Can you hear me? No, for I had a MRI.

Yesterday I experienced what is probably the seventh or eighth MRI I have had over the past 25 or so years. That might be more trips than I ever imagined into what I alternately call “the washing machine” or “The Money Reduction Instrument.”

I say washing machine because that is what the default sound of the MRI resembles, except it is probably 10 times louder than a real washing machine. The Money Reduction Instrument is the name I gave the MRI after the first such test I had. The reason for my second moniker is that the test took a sizeable chunk of from my finances.

For many, Magnetic Resonance Imaging, MRI, can provide one’s medical team some extremely valuable insight into various diseases and injuries. The majority of MRIs I have had were for osteoarthritis in my cervical spine. I have had two C-spine surgeries. Despite the two operations — and I imagine those hundreds of thousands of people who have had such surgeries will understand — I have still had chronic pain for several decades now.

Yesterday morning I had my latest MRI. I am still awaiting the results. And while my prognosis remains in the air, I can testify that the actual test yesterday was AS LOUD AS HELL!!!

Do you know this super-model? Well, if you don't, I will confess. It is from my Spring '16 shoot for Journal of Neurosurgery. That's right, me, Mr. EFD himself! I'm just joking.
Do you know this super-model? Well, if you don’t, I will confess. It is from my Spring ’16 shoot for Journal of Neurosurgery. That’s right, me, Mr. EFD himself! I’m just joking.

Just why the noise was so intense yesterday during the test I have no idea. I did have a, so-called, “open MRI.” That means that I wasn’t packed into a enclosed tube with very little room to move — which is an ideal posture for that examination. I was still pretty immobile. I had little room between my protruding belly and the machine. The big difference with this open machine is that it is, well, open. I had to take a look to my left and right, moving only my eyes, to reassure myself I am still free. Even though I couldn’t move. My aforementioned immobility was enhanced with a inflexible plastic collar with a technician placing tape over my forehead for good measure.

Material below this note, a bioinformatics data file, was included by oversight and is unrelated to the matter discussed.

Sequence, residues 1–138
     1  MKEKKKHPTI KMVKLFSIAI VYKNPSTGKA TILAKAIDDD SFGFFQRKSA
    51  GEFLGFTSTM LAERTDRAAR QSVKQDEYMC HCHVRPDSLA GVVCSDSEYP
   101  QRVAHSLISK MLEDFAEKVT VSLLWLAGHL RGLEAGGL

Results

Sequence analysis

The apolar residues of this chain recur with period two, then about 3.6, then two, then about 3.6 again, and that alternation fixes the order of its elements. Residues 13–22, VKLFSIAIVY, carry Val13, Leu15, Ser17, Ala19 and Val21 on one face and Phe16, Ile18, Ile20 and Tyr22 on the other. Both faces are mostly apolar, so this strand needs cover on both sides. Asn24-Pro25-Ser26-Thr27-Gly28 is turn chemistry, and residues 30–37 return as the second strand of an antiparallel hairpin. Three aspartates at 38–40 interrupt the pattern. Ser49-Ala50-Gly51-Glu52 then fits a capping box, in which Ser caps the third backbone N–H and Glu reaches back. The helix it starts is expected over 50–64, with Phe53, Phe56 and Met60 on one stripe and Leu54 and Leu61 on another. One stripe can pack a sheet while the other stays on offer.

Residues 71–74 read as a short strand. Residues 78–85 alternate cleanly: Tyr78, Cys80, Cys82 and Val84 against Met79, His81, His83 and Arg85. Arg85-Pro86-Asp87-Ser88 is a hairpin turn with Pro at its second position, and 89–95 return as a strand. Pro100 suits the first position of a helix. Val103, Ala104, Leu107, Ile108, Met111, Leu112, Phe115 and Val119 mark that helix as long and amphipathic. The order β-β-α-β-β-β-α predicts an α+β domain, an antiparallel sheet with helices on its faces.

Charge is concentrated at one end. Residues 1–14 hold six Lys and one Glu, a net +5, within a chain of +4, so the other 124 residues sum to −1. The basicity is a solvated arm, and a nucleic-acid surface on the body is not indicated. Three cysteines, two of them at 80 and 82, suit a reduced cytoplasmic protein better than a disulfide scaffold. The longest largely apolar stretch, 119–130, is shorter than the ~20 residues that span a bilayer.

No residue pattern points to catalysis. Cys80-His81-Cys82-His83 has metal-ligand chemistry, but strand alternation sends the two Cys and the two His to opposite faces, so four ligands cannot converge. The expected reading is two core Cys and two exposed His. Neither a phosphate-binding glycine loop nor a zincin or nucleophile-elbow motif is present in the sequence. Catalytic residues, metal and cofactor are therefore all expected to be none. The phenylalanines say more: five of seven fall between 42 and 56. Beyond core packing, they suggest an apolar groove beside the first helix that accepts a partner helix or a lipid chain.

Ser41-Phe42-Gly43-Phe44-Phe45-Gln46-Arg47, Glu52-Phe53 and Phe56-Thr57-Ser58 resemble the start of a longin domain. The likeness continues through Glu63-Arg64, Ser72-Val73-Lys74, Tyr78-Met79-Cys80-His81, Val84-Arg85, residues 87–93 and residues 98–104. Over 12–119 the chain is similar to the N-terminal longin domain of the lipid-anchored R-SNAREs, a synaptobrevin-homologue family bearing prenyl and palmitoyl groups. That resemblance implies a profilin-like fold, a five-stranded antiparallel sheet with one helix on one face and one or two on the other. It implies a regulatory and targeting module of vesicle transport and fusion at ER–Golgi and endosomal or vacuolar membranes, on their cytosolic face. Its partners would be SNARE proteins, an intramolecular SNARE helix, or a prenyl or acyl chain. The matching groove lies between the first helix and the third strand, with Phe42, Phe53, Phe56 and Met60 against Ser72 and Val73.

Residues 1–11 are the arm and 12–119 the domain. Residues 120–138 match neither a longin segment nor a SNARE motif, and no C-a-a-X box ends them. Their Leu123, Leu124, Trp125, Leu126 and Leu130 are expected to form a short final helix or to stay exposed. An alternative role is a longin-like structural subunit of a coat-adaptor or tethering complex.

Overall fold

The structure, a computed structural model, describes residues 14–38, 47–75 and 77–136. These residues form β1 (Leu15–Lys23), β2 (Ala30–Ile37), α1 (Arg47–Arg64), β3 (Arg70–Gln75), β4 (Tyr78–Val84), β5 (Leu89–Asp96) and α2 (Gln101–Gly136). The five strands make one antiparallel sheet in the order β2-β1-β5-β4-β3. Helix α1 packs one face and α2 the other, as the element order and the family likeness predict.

Okay, and then we were off. Off to the surround(ing) sound of the MRI machine for about 30 minutes. Oh, and did I mention the machine WAS LOUD AS HELL? Sorry, it was so loud, I had use all caps to describe it.

Rather than use my own brain cells to explain the mysteries of the MRI, I thought I’d let this duty fall to my friends at The New York Times. I doubt that I have many, if any, friends at The New York Times — I just said that because … what the hell, right?

 “The banging is the vibration of metal coils in the machine caused by rapid pulses of electricity, said Dr. Keith Hentel, chief of emergency/musculoskeletal imaging at NewYork-Presbyterian Hospital/Weill Cornell Medical Center.

 “Magnetic resonance imaging produces images of the body by causing shifts in a very strong magnetic field and measuring how tissues react,” Dr. Hentel said.

From here, I suggest you read the rest of the article. You might just learn something. But before you do, I suggest you find some earplugs or maybe some ear muffs, such as those we called “Mickey Mouse ears” in the Navy. You should definitely take some precaution from loud noise. And you will encounter loud noise while taking a MRI. After all, MRIs are LOUD AS HELL.



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